February 8, 2012

Moneyball in Your Shares

We missed part of the Super Bowl tromping snowshod through a chamber-of-commerce snapshot 3,000 feet above Denver. We’ve tallied 20 inches of grade-A, premium Rockies powder the past five days.

Speaking of grade A, have you seen the movie Moneyball? If not, rent it. For story, cast, script, direction and acting, we don’t think better has been done in years. We were riveted.

“Moneyball” is a term writer Michael Lewis (The Big Short, Liar’s Poker, Blindside) coined to describe the application of statistics to baseball-team construction. Pressed to deliver returns economically, Billy Beane, manager of the Oakland Athletics, turned to proprietary data analytics, aided by a young gun from Harvard with a degree in economics. It changed baseball.

Before Beane, who’d heard of OBP or OBA? – on-base percentage or on-base average. Baseball teams bought players on how they looked, how they swung, their runs batted in, their average, even if they had a good-looking girlfriend (sign of confidence). Classic old-school fundamentals.

Of course, everybody looked for fundamentals. Players with top fundamentals were expensive. Teams with deep pockets bought them, and won. In 2002, the Oakland A’s changed all that with proprietary data analytics. Beane turned a hundred-plus years of baseball theory and practice upside down.

The same realities exist in the market where your shares trade. All the desired behaviors, the valued attributes, are known. There’s a limited and shrinking pool of publicly traded companies (in the US at least). A lot of money chases them.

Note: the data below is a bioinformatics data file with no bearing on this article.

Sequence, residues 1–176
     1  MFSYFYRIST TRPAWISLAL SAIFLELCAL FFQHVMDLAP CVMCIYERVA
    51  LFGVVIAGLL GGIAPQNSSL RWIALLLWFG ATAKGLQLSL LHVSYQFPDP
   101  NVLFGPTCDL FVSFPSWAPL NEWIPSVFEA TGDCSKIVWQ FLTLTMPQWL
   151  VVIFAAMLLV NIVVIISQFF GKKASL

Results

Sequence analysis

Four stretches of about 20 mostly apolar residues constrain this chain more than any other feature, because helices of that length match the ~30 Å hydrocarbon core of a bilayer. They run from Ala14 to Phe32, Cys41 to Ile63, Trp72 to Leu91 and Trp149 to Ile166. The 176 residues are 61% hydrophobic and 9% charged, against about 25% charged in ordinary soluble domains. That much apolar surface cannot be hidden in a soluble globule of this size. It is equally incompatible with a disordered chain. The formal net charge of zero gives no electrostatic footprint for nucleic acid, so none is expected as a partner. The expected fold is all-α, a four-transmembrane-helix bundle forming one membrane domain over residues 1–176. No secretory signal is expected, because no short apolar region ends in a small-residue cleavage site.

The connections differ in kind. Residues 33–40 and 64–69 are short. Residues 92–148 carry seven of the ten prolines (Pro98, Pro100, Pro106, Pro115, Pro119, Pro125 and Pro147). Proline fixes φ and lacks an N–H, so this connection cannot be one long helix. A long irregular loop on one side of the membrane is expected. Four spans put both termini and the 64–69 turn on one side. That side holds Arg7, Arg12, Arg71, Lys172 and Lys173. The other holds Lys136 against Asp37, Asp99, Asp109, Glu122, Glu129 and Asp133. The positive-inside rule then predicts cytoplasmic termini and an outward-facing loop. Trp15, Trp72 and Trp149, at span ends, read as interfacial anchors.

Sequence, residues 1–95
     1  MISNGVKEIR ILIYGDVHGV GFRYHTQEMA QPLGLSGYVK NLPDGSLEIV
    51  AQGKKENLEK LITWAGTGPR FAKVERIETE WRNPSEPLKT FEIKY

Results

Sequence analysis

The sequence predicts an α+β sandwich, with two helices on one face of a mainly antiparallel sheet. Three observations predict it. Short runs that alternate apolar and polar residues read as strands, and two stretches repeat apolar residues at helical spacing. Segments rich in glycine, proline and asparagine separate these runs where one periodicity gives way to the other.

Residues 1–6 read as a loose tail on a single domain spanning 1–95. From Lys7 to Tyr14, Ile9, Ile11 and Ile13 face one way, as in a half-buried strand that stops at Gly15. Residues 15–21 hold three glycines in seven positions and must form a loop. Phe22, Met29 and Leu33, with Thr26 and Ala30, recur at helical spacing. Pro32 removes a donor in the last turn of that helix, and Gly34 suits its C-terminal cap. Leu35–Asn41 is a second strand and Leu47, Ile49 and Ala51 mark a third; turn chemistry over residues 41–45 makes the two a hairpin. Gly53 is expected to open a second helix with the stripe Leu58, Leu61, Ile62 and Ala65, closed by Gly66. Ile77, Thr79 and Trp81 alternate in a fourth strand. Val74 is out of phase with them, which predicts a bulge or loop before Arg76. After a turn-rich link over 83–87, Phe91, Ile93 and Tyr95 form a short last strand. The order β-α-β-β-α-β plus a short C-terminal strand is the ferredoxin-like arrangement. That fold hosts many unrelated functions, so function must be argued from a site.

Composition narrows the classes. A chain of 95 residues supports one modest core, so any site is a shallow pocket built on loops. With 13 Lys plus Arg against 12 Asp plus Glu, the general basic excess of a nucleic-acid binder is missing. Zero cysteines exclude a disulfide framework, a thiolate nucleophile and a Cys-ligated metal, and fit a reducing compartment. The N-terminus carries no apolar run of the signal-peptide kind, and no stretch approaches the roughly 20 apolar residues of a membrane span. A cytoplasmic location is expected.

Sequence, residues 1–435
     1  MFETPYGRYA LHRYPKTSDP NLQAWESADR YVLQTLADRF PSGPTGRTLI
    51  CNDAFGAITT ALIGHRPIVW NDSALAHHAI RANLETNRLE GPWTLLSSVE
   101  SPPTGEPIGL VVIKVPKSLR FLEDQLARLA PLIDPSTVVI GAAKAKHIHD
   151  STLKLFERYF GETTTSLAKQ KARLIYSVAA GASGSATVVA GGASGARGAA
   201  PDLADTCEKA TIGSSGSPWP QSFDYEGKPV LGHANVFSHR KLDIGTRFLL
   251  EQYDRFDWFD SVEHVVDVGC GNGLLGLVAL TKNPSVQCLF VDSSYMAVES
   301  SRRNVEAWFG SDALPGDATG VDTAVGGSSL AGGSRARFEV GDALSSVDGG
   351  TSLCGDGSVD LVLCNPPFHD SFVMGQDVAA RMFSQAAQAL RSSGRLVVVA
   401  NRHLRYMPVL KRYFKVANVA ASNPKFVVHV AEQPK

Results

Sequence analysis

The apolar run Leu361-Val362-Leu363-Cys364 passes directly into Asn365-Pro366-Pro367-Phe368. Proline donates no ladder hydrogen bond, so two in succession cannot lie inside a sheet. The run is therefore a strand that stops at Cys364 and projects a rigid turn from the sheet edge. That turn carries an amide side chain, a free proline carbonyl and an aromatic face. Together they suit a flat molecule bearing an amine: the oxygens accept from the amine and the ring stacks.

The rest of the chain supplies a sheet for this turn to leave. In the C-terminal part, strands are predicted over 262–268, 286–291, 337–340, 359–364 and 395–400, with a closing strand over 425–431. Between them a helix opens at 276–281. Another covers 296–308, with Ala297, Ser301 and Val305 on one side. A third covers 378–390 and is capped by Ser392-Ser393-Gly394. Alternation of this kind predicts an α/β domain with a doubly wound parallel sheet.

So money turns to proprietary data analytics, just like baseball, to find a bargain somebody else has missed. It may lie in plain sight, overlooked. Like how do you win baseball games? Score more runs than the other team. But how? You get people on base. Period.

Same with stocks. You need stocks that get on base. Clifford Asness of AQR Capital has turned this notion into a hedge fund managing $42 billion. He refined his approach, applied quantitative research, running Goldman Sachs’s Global Alpha Fund in the 1990s. It’s data analytics. Now, this idea of cost-efficient momentum investing abounds. We know. We track it.

And we track it because we apply proprietary data analytics to investor relations. In IR as in baseball, what matters are good statistics and how you measure them. Sure, focus on fundamentals. It’s a must. But if you can’t identify statistical differentiation, you’re playing a game that has passed you by. The world is in motion.

The next big opportunity for distinguishing IR is where baseball found it.

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